More Effective Than Food Plots!

Your place to discuss ways the habitats for deer can be improved!
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JPH
 
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Re: More Effective Than Food Plots!

Postby JPH » Tue May 08, 2012 12:32 pm

Deebz wrote:JPH, After seeing what your hired guy did, how difficult do you think it would be to replicate the work in other sections of your ground?


Great question! Money is always tight so I've definitely considered that very question. His bid was $300 for each phase of the plan, with the hinge cutting phase being on my own. Not only is he a knowledgeable habitat manager, he is a highly skilled woodcutter and wildland firefighter with professional grade equipment.

Assuming that I had his eye for knowing what trees will produce the best results (which I do not), I'd still have a lot of hidden costs. I own two small chainsaws and I am far from being an expert in their use. I can take 10" trees easily enough but anything bigger begins to slow me down quite a bit. I seem to wind up bogging my saw down or dealing with hangups. I think that it would take me at least three days to do the work that he can do in one. The property is 75 miles from my home. Then we're looking at between $150 and $200 in fuel, another $50 or so in food, $20 to $30 in bar oil, saw blades etc. and the hidden costs of time away from responsibilities at home. I don't mind being on the property or doing work there, in fact I love it, but I have to balance it with family life.

I would encourage anyone with the time and know how to go it alone. But, in the end, I find the $300 to be money well spent and I can devote my time to jobs that are within my skill set, such as hinge cutting, mowing, painting the cabin, hanging stands, etc.

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Ohio farms
 
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Re: More Effective Than Food Plots!

Postby Ohio farms » Tue May 08, 2012 5:21 pm

The concept of "hinge cutting" has interested me since I first heard it in one of the past discussions by you. I had a tree (5 inch diameter) that was bent over and split by a bigger dead tree that fell on it a couple of years ago. The tree stayed horizontal to the ground and continued to grow...great cover. I'm impressed by what you did and motivated to try some hinge cutting on my place. I doubt if I will get to it any time too soon, but I will this summer.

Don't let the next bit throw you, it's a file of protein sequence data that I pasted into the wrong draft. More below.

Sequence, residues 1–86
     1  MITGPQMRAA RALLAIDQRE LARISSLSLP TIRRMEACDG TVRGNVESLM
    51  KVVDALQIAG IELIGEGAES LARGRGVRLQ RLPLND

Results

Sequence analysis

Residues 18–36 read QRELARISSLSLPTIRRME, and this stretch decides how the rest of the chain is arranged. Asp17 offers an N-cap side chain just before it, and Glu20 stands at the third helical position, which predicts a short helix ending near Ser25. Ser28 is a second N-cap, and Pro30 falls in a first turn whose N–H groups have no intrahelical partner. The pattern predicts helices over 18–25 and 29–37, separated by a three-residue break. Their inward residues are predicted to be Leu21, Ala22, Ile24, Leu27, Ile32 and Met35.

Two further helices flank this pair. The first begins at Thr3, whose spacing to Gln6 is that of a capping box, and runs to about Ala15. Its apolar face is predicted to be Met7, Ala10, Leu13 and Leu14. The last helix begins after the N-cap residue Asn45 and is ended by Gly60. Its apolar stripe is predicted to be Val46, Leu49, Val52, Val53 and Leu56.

Keep life simple...if you hear hoofbeats, think horses, not zebras.

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JPH
 
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Re: More Effective Than Food Plots!

Postby JPH » Wed May 09, 2012 1:39 pm

Ohio farms wrote:The concept of "hinge cutting" has interested me since I first heard it in one of the past discussions by you. I had a tree (5 inch diameter) that was bent over and split by a bigger dead tree that fell on it a couple of years ago. The tree stayed horizontal to the ground and continued to grow...great cover. I'm impressed by what you did and motivated to try some hinge cutting on my place. I doubt if I will get to it any time too soon, but I will this summer.


A few points to consider re-hinge cutting.

My conservationist warned against using it on a large scale. It is a great way to get cover and browse down to the deer quickly but it will not restore natural habitat. I use it as a "privacy screen" around the perimeter of the property. He advised against using it as a tool in the middle of the timber.

I've found that it works best on green trees of 5" or smaller. I cut down into the trunk at a sharp angle and quit as soon as I think I can pull it over by hand. The more trunk and bark you can leave, the better chance the tree will survive and flourish. I also do most of my work in the winter. I do not know how hinge cutting during the summer will work. I'm sure you could find some good info online.

Good luck and share pics if you can.

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Ohio farms
 
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Re: More Effective Than Food Plots!

Postby Ohio farms » Thu May 10, 2012 3:39 pm

My thinking was to use it as an edge. I'll certainly followup up some pictures.
Thanks for the insight JPH
Keep life simple...if you hear hoofbeats, think horses, not zebras.

arpy00
 
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Re: More Effective Than Food Plots!

Postby arpy00 » Wed Jun 06, 2012 3:09 pm

What, if any, is the best time of year to hinge cut the trees?
Chuck

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bioactive1
 
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Re: More Effective Than Food Plots!